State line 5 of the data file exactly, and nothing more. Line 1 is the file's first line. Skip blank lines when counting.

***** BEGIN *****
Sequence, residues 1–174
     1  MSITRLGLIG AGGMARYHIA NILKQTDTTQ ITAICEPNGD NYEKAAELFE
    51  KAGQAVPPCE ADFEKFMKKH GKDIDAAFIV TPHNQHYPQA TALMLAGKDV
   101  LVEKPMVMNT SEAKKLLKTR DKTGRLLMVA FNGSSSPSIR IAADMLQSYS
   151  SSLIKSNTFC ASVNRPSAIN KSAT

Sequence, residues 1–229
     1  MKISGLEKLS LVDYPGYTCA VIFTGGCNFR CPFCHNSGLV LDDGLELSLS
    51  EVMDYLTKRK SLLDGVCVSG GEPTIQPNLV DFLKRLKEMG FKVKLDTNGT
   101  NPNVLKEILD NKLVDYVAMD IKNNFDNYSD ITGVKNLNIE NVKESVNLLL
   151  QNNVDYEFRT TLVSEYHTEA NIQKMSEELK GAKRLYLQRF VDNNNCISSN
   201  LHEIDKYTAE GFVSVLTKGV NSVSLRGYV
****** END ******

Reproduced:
   151  SSLIKSNTFC ASVNRPSAIN KSAT